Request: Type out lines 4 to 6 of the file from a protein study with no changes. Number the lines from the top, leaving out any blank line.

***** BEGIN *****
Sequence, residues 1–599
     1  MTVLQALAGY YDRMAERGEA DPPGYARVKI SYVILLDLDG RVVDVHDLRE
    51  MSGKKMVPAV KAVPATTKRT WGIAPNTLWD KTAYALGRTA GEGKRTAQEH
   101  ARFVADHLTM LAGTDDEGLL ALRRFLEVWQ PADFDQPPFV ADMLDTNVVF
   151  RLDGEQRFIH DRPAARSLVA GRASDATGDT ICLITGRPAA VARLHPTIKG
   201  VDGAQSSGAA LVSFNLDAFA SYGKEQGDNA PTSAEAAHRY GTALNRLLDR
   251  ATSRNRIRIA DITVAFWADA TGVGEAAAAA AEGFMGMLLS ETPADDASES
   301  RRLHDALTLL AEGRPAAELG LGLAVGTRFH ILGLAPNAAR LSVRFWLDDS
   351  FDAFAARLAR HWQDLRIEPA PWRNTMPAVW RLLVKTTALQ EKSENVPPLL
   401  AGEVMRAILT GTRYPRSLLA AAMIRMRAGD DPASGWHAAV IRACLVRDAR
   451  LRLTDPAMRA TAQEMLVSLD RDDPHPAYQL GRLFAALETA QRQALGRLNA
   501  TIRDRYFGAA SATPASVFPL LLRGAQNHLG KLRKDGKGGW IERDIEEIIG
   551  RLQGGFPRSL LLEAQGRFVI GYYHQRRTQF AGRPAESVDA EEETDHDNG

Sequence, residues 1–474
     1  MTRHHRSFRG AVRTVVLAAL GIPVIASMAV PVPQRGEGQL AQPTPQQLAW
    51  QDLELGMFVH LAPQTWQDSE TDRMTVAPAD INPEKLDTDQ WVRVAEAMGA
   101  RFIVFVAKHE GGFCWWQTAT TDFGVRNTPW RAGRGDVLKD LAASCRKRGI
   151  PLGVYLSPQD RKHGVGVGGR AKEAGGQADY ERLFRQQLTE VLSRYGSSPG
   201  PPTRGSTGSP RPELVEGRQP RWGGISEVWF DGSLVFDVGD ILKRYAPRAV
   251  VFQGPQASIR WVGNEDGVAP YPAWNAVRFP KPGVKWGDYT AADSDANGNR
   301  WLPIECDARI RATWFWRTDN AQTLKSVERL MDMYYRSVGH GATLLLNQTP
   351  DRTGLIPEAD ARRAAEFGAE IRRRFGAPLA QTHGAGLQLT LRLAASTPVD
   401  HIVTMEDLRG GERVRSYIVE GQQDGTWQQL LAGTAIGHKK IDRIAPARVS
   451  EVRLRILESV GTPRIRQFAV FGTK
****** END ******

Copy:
   101  ARFVADHLTM LAGTDDEGLL ALRRFLEVWQ PADFDQPPFV ADMLDTNVVF
   151  RLDGEQRFIH DRPAARSLVA GRASDATGDT ICLITGRPAA VARLHPTIKG
   201  VDGAQSSGAA LVSFNLDAFA SYGKEQGDNA PTSAEAAHRY GTALNRLLDR